Real world impact of 13vPCV in preventing invasive pneumococcal pneumonia in Australian children: A national study

Nusrat Homaira, Roxanne Strachan, Helen Quinn, Sean Beggs, Mejbah Bhuiyan, Asha Bowen, Laura K. Fawcett, Gwendolyn L. Gilbert, Stephen B. Lambert, Kristine Macartney, Helen S. Marshall, Andrew C. Martin MD, Gabrielle McCallum, Angela McCullagh, Tim McDonald, Hiran Selvadurai, Peter McIntyre, Shahin Oftadeh, Sarath Ranganathan PhD, Thomas SaundersSadasivam Suresh, Claire Wainwright, Angela Wilson, Melanie Wong, Adam Jaffe, Tom Snelling

    Research output: Contribution to journalArticlepeer-review


    Background: We aimed to assess the direct protective effect of 13 valent pneumococcal conjugate vaccine (13vPCV) against invasive pneumococcal pneumonia (IPP; including pneumonia and empyema) in children using a nation-wide case-control study across 11 paediatric tertiary hospitals in Australia. Methods: Children < 18 years old admitted with pneumonia were eligible for enrolment. IPP was defined as Streptococcus pneumoniae (SP) cultured or detected by polymerase chain reaction (PCR) from blood or pleural fluid. Causative SP serotype (ST) was determined from blood or pleural fluid SP isolates by molecular methods in PCR positive specimens or else inferred from nasopharyngeal isolates. For each IPP case, 20 population controls matched by age and socio-economic status were sampled from the Australian Immunisation Register. Conditional logistic regression was used to estimate the adjusted odds ratio (aOR) of being fully vaccinated with 13vPCV (≥3 doses versus < 3 doses) among IPP cases compared to controls, adjusted for sex and Indigenous status. Results: From February 2015 to September 2018, we enrolled 1,168 children with pneumonia; 779 were 13vPCV-eligible and were individually matched to 15,580 controls. SP was confirmed in 195 IPP cases, 181 of whom had empyema. ST3 and ST19A were identified in 52% (102/195) and 11% (21/195) of IPP cases respectively. The aOR of being fully vaccinated with 13vPCV was 0.8 (95% CI 0.6–1.0) among IPP cases compared to matched controls. Conclusion: We failed to identify a strong direct protective effect of 13vPCV against IPP among Australian children, where disease was largely driven by ST3.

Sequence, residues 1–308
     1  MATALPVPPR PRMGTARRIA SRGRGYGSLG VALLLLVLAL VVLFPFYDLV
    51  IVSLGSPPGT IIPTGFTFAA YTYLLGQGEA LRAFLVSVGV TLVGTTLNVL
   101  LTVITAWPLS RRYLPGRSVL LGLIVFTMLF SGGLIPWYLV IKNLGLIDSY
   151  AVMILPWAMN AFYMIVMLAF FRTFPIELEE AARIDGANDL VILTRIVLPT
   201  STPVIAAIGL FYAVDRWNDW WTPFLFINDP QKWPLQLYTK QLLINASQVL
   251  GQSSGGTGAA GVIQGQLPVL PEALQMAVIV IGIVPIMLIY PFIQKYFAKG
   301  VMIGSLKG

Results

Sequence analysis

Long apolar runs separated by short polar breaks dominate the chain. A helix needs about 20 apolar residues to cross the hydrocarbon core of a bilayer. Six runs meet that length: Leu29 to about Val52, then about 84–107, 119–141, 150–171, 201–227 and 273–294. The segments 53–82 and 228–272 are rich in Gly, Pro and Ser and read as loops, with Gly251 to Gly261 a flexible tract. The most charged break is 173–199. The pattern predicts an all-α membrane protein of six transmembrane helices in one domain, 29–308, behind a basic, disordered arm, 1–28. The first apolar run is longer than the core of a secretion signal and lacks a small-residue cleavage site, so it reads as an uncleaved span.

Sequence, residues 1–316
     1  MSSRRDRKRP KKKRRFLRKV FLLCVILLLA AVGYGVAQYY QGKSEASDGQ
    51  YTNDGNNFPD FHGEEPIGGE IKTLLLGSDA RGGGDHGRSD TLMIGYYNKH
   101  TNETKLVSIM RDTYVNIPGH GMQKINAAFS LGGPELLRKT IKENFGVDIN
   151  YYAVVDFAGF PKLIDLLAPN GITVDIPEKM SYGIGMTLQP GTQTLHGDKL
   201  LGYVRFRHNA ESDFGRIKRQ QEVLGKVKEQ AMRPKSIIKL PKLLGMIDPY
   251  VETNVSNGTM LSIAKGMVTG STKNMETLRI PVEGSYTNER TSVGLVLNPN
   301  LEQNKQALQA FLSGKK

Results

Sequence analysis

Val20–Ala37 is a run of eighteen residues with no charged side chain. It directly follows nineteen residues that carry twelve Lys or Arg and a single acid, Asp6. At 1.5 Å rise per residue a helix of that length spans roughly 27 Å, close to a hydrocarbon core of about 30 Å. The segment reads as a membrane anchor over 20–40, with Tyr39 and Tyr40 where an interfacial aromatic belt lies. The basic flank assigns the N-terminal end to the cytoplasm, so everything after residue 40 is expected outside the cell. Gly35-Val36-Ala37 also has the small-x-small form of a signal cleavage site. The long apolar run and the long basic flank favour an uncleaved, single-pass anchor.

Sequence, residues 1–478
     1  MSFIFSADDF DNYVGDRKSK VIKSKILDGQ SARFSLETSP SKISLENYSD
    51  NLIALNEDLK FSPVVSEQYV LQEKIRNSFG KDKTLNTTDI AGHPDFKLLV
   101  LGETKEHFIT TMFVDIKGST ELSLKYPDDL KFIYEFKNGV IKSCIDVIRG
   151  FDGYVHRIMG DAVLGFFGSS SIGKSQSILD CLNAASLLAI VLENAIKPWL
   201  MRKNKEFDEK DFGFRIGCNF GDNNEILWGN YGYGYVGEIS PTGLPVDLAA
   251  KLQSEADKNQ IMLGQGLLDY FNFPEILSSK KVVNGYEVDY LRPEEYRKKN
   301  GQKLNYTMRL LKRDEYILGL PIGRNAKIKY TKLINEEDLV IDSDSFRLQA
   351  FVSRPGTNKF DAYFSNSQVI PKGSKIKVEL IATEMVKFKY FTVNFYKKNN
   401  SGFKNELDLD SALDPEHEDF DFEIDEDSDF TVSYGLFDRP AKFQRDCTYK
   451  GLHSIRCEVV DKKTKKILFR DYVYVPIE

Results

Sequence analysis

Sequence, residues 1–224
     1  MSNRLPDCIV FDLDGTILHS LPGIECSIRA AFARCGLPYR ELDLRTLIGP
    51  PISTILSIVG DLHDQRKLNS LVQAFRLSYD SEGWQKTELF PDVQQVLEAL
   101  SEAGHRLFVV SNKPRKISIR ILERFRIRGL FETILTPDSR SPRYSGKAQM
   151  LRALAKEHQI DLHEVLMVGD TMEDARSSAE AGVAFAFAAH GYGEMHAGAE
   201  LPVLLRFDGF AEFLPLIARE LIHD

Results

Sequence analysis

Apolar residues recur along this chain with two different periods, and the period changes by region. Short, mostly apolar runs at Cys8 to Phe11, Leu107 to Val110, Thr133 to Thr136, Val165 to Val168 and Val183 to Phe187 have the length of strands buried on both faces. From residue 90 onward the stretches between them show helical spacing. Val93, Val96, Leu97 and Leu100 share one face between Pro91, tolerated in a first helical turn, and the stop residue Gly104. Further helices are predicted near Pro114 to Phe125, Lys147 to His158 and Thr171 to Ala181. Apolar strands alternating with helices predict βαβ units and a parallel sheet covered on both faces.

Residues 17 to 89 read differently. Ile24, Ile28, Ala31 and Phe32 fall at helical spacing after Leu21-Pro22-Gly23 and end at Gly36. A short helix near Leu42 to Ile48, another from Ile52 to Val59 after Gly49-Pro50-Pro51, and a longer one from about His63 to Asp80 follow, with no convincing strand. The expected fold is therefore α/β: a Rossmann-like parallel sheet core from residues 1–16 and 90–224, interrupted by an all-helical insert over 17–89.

Original languageEnglish
    Pages (from-to)85-91
    Number of pages7
    Issue number1
    Publication statusPublished - 4 Jan 2023


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